Dispatching messages directly to the windows messaging queue was another attractive option as you get thread priority response time (what ever priority the browser is given) but there is a lot of work to do to get the proper window handle to dispatch a message to. I looked at this very closely and gave up trying to tunnel down through the Client hierarchy to get an ambiguously referenced embedded object windows handle. Just too iffy. Again though, I'd love to see where someone had nailed this process down as it would mean much more control over the object (just not Refresh as that's not among the standard windows messages and is more of a context / menu verb that needs to be invoked).

And, happy Labor Day.

XML: Web Based Tools

Originally published 

Thu 2 Jun 2011

Editors Notes
XML is a prevalent artifact on the internet, though you may not always find it.  Here are some of the tools I find useful when I must work with it.

Original Post

I've made use of these frequently when working with ad-hoc web services.

The XSL Tryit Editor is great for seeing the HTML result of your XSLT using your XML, or the XML and XSLT provided. XSLT Tryit Editor v 1.0

Of course, everyone needs to have a handy bookmark for the XML Validator for simply and quickly checking to see that you have closed your nodes. XML Validator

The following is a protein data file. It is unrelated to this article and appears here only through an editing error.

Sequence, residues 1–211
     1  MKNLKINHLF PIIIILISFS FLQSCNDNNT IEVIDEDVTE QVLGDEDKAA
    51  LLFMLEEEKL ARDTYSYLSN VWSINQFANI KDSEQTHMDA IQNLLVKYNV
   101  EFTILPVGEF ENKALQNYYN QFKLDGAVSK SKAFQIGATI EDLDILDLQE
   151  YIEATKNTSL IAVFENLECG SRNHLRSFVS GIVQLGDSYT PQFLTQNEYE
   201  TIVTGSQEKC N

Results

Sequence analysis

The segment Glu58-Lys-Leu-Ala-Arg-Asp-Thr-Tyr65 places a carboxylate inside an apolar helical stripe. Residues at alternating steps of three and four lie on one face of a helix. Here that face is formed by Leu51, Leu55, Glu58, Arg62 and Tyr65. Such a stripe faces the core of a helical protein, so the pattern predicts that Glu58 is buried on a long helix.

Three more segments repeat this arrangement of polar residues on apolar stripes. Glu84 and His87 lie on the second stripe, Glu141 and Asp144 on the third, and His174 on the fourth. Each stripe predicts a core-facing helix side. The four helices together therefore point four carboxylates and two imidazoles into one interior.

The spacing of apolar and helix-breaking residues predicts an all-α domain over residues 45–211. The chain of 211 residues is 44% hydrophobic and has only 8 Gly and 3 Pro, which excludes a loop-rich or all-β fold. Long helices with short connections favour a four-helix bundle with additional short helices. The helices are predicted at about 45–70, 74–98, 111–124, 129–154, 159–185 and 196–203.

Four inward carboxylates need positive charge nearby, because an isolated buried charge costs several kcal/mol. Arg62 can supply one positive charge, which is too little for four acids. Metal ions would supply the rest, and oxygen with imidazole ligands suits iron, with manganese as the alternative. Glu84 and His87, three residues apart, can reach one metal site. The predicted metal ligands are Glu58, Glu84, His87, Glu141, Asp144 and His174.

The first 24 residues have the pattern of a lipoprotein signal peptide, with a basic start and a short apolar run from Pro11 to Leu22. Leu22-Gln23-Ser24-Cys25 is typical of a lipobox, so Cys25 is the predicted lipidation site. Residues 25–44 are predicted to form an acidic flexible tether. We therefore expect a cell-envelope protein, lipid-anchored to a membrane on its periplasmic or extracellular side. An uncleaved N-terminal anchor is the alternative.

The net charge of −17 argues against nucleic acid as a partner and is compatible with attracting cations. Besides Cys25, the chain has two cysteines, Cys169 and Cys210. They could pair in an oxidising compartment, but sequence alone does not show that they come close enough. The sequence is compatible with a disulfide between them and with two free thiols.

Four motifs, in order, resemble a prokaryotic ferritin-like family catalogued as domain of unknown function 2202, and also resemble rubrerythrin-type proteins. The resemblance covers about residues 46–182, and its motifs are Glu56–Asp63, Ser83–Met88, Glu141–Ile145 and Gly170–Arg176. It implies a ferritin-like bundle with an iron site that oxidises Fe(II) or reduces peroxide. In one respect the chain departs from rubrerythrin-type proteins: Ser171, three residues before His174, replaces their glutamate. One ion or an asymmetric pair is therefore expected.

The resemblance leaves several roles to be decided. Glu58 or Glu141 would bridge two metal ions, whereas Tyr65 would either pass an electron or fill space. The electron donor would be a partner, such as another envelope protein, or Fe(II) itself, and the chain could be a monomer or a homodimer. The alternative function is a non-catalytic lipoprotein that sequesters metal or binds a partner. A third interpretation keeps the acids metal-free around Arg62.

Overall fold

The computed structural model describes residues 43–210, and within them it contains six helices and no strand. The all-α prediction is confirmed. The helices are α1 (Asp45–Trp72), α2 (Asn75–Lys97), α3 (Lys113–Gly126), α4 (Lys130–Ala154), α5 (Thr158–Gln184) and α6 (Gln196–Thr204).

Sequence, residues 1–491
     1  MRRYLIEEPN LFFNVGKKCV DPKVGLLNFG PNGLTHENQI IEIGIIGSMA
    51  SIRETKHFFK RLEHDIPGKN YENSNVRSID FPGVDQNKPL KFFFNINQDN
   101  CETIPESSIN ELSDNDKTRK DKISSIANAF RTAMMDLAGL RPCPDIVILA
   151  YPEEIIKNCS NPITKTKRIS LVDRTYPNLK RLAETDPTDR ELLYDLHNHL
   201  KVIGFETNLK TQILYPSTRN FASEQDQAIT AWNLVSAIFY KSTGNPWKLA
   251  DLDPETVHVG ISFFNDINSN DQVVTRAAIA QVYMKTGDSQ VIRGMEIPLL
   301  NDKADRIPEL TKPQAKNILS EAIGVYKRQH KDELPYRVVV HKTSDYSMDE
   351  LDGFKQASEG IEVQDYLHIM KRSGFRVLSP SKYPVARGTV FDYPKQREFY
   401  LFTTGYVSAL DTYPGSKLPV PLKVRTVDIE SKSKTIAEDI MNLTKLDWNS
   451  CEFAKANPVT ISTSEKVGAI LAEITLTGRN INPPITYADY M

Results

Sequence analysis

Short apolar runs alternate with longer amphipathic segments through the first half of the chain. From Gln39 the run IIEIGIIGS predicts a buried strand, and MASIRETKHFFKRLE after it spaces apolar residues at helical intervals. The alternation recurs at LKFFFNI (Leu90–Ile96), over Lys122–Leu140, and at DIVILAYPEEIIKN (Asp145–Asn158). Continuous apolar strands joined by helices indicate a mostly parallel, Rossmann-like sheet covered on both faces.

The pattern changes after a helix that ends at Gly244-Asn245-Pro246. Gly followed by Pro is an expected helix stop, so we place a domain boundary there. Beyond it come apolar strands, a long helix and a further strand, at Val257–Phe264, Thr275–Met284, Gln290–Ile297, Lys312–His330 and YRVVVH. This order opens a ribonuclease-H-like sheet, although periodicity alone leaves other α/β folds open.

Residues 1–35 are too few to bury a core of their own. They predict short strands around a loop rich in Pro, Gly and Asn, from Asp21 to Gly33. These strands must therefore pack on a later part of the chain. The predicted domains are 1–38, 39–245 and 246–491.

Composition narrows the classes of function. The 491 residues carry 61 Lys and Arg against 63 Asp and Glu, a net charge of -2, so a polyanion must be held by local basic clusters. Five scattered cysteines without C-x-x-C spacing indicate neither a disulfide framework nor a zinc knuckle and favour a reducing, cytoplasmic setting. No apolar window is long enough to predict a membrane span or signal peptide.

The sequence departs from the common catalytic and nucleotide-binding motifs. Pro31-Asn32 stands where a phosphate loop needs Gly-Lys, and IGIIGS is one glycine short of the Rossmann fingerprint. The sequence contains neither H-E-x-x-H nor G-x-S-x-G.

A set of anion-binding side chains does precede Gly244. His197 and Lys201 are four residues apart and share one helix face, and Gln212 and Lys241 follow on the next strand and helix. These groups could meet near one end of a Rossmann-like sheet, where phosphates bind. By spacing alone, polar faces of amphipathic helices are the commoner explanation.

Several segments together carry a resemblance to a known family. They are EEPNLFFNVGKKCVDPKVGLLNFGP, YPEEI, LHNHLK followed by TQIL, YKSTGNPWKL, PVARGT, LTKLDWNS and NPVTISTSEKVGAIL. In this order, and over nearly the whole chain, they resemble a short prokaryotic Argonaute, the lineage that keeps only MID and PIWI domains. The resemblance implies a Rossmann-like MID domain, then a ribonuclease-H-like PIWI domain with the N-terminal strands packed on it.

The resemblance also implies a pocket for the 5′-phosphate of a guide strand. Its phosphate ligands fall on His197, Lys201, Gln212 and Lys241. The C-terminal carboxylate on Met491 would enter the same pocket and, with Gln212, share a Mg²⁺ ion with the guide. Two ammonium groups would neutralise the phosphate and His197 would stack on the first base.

Depending on what you're doing, you may come to need an XSD / Schema generator. It takes your XML and makes an XML based description of it that can be consumed by web services to validate the inbound XML matches the spec. XSD Generator

Update 11/16/2011
Another tool, not XML related but equally useful for web work: the Base64 Decoder helps when you're working with Base64 values.

Excel: Export as HTML with Formatting

Originally published 

Mon 16 Jan 2012

Editors Notes
Here's a small tip for making those automatically generated Excel Spreadsheets a tad prettier.

Original Post
Exporting to Excel from ASP or LotusScript is a nice, old, trick which has a lot of utility for web based applications. One challenge I'd had recently was that the data should come out formatted as dollars, but was stored as longs. I found the following info regarding how to inject formatting style commands into the style tag of the table cells.

 <td  STYLE="$* #,##0">

That produces the desired dollar formatting. Some other options:

Thousands, number, with 2 decimals:,##0.00_)[semicolon](#,##0.00);

Dollar, showing thousands, two decimals, black.$* #,##0.00_)[semicolon][Black]$* (#,##0.00);

As Text:;



European two digit year:

European 4 digit year:

U.S. Date format

AJAX: Progress Bar Management

Originally published 

Tue 28 Aug 2012

Editors Notes
The key to effective web design is effective communication between two sets of important parties.  The most important parties are the people your website is trying to reach, and you, the website owner.  There is a separate relationship here though - your website and its readers.  While the website is the tool you use to communicate, the tool is only effective if it communicates well with the readers.  To that end, you'll find a number of tips like the following here that add some minor decoration or indicator to help the reader or application user understand what the application is trying to tell them.